Exosomes: Principles, Methods and Applications
Taught by leaders in the field, this 4-day class provides students with an exciting, up-to-date introduction to the field of exosomes, microvesicles, and other extracellular vesicles (EVs). Lectures cover our current understanding of the biochemistry, molecular, and cell biology of EV biogenesis and uptake, the functions and analysis of EV RNAs, and the latest approaches to purifying and analyzing exosomes and other EVs. These lectures are interwoven with hands-on laboratory instruction in which participants use well-validated protocols, reagents and kits from major manufacturers to purify exosomes and interrogate their protein and RNA content. Participants will leave the class with the conceptual framework and practical know-how necessary to explore the contribution of exosomes and other EVs to whatever biological question they are investigating.
The following link will take you to “Exosomes: Principles, Methods and Applications” workshop.
Dates: November 7-10, 2022
Fatah Kashanchi (George Mason University) and Stephen J. Gould (Johns Hopkins University)
Formed in 2011, the ASEMV is a US-based yet international community of scientists who work on exosomes, other extracellular vesicles (EVs) (e.g. microvesicles, apoptotic bodies, virus-like particles, enveloped viruses, and bacterial outer membrane vesicles), and secreted large protein complexes (e.g. exomeres and supermeres).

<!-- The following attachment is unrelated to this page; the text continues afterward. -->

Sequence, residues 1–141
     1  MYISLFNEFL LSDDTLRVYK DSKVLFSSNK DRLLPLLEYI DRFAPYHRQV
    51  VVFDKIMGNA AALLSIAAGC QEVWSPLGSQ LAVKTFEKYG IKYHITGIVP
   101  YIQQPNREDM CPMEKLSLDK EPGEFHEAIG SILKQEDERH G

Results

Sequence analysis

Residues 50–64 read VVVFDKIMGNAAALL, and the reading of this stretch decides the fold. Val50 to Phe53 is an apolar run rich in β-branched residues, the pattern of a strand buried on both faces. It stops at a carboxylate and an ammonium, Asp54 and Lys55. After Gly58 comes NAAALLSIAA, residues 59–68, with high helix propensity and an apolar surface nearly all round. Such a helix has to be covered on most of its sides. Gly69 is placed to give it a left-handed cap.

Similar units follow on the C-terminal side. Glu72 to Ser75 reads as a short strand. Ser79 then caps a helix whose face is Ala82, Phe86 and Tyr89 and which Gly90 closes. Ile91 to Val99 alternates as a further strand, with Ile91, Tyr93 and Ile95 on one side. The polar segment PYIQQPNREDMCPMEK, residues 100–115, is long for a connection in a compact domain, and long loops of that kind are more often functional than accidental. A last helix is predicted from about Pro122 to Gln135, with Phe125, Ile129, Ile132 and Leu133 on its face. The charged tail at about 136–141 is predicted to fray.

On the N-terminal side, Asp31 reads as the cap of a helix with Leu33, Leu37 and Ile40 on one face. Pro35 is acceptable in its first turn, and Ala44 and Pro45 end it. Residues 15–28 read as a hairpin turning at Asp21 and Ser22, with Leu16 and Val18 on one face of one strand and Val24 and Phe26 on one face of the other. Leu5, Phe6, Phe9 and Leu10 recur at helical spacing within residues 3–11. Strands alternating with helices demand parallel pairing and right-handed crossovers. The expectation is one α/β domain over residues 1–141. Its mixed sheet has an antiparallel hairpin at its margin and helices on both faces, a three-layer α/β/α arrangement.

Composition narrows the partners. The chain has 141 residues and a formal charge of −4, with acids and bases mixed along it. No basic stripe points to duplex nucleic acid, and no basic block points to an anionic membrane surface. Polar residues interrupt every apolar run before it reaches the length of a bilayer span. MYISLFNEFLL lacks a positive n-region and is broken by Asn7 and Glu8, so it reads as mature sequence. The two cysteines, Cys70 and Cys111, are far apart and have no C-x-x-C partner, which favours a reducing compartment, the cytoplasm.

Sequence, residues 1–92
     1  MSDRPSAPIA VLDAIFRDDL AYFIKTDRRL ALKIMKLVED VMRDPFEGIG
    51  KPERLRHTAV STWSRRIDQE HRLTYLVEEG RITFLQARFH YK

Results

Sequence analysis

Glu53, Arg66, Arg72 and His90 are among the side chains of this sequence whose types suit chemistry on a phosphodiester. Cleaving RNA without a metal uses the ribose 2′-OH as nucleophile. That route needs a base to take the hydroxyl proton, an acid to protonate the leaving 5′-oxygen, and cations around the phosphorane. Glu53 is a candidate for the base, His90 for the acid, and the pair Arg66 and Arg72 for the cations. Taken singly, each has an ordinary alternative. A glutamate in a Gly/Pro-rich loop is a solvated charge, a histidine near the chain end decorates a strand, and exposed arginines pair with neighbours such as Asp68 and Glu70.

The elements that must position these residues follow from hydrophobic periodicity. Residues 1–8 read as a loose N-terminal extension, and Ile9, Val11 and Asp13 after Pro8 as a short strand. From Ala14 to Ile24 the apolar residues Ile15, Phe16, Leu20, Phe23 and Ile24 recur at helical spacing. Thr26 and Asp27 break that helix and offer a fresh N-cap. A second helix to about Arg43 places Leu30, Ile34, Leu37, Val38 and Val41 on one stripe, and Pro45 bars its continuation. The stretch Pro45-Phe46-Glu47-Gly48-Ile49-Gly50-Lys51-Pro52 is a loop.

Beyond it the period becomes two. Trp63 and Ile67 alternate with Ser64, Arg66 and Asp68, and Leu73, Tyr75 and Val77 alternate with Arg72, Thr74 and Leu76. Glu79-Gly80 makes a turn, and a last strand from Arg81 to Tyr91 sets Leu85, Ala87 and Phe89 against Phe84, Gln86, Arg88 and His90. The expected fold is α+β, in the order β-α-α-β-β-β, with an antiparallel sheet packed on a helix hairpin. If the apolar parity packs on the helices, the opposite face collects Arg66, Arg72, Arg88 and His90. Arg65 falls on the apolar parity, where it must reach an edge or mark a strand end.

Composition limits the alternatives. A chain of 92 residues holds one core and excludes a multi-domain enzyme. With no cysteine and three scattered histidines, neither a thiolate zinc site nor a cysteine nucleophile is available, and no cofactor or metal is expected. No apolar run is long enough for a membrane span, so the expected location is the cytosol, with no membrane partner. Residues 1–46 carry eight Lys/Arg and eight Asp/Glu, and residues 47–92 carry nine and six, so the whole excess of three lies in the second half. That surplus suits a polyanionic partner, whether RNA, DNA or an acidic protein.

ASEMV exists to promote the work of US and international exosome/EV scientists by providing a forum for scientific presentations and opportunities to gather, share their findings, and discuss the latest advances and controversies in the field.
ASEMV welcomes members from across the globe and is particularly dedicated to supporting the career development of students, post-docs, and other junior scientists.
ASEMV embraces the call by the US National Institutes of Health to “enhance the participation of individuals from groups identified as underrepresented in the biomedical, clinical, behavioral, and social sciences” (https://diversity.nih.gov/).
While we encompass the entire field, ASEMV acknowledges biochemistry and cell biology as the foundations of all biology and medicine and is therefore a particular home for researchers investigating the molecular mechanisms that mediate the biogenesis, engineering, and intercellular signaling of exosomes and other EVs.